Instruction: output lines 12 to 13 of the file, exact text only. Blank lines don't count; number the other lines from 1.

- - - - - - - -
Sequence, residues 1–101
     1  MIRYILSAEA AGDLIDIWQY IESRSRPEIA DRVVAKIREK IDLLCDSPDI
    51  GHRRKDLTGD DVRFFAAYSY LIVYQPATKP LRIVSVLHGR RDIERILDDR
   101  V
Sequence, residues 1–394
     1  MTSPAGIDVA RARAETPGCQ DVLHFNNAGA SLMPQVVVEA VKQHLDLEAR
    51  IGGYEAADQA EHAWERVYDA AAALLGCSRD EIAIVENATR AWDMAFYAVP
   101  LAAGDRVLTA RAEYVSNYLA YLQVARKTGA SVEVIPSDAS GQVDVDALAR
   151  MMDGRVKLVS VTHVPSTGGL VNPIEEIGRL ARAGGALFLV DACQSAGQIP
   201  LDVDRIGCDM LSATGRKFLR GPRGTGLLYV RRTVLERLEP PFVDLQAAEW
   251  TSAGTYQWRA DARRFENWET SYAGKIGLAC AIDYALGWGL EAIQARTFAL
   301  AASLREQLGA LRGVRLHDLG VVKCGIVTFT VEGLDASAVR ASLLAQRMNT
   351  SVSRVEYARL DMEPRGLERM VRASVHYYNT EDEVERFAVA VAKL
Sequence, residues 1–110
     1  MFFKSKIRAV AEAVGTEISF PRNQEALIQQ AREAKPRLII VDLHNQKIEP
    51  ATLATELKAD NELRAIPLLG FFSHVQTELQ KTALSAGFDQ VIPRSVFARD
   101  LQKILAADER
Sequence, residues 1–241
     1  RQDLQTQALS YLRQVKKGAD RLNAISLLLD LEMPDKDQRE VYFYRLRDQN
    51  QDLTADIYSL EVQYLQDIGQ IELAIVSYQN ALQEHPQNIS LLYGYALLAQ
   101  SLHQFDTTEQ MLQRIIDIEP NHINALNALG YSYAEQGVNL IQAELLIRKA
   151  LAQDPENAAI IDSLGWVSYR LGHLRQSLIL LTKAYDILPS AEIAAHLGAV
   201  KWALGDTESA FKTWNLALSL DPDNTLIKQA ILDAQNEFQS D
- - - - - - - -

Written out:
   301  AASLREQLGA LRGVRLHDLG VVKCGIVTFT VEGLDASAVR ASLLAQRMNT
   351  SVSRVEYARL DMEPRGLERM VRASVHYYNT EDEVERFAVA VAKL